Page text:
Mapping repression in Xinjiang

·2 min read

Data: © Mapbox, © OpenStreetMap; Map: Will Chase/Axios

A sweeping new report released today by an Australian research organization reveals new details about how the Chinese Communist Party — and specifically who within the party — is carrying out its campaign of repression in Xinjiang.

Why it matters: Uncovering the actual offices and individuals implementing the Chinese government's genocide and forced labor policies in Xinjiang can bring accountability and help international companies delink supply chains in compliance with U.S. and EU forced labor laws.

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  • "The Architecture of Repression: Unpacking Xinjiang's Governance," released today by the Australian Strategic Policy Institute (ASPI), maps out 170 government bureaus in Xinjiang, identifies 440 top local officials, and reveals a return to mass political campaigns there.

Details: The report is based on thousands of pages of Chinese government documents, as well as new databases of government offices and party officials compiled by ASPI, now made available for other researchers to use.

  • ASPI researchers found party officials expect most government offices in Xinjiang to participate in repression in one form another — even the Forestry Bureau, which for a time managed accounts for some mass internment camps.

  • They also found an overwhelming majority of local party secretaries — the most powerful position in each county — is from the majority Han Chinese ethnicity, even though Xinjiang is supposed to be self-governed by Uyghurs (its full regional name is the Xinjiang Uyghur Autonomous Region).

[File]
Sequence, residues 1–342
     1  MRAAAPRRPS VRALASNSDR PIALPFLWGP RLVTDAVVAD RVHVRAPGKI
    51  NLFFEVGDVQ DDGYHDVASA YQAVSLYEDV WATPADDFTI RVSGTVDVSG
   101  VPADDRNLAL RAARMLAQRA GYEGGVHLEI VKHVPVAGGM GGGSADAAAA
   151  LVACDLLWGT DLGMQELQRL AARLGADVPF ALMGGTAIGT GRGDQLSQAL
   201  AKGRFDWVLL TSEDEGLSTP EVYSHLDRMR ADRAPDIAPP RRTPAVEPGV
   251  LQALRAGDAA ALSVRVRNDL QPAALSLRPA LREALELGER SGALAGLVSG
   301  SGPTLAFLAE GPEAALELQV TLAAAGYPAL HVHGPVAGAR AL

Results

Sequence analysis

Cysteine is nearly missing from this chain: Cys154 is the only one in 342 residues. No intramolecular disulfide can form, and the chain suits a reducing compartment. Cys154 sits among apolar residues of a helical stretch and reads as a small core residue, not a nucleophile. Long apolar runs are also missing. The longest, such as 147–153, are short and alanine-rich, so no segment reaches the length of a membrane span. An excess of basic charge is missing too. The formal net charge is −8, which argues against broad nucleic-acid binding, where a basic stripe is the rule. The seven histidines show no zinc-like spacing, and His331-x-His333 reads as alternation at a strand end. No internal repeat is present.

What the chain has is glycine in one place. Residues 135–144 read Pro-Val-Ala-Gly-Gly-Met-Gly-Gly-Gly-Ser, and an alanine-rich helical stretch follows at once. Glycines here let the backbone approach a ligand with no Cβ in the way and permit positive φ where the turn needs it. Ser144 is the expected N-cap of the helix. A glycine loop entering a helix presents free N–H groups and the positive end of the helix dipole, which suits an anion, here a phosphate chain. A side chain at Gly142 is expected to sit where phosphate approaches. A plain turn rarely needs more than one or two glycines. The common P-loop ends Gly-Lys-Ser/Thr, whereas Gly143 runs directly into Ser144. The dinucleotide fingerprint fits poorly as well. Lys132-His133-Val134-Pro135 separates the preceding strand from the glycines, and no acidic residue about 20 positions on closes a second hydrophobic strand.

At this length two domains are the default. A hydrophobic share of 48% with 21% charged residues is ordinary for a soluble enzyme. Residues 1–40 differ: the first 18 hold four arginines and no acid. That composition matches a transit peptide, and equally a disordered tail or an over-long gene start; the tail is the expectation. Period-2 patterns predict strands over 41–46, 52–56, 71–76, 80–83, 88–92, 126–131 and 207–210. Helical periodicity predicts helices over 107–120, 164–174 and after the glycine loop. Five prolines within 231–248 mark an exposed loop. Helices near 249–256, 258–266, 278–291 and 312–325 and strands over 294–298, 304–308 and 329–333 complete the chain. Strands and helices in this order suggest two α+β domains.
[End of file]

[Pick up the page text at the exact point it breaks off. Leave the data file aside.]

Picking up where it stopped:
• The report also uncovers new evidence of mass campaigns in Xinjiang, once common during the Cultural Revolution under Mao Zedong, that involve show trials, public confessions, lengthy propaganda study sessions, and loyalty pledges. All are means of social and political control that can quash any sign of opposition to the systemic surveillance, forced labor and mass internment that Xinjiang's ethnic minorities face.

What they're saying: "Through long and complicated supply chains, this is the first time liberal democracies have found themselves consuming the outputs of China’s mass political campaigns, such as products made with forced labour," report co-author Vicky Xiuzhong Xu said in a statement.

Of note: The Chinese Embassy in D.C. did not respond to a request for comment.

Go deeper: The scope of forced labor in Xinjiang is bigger than we knew

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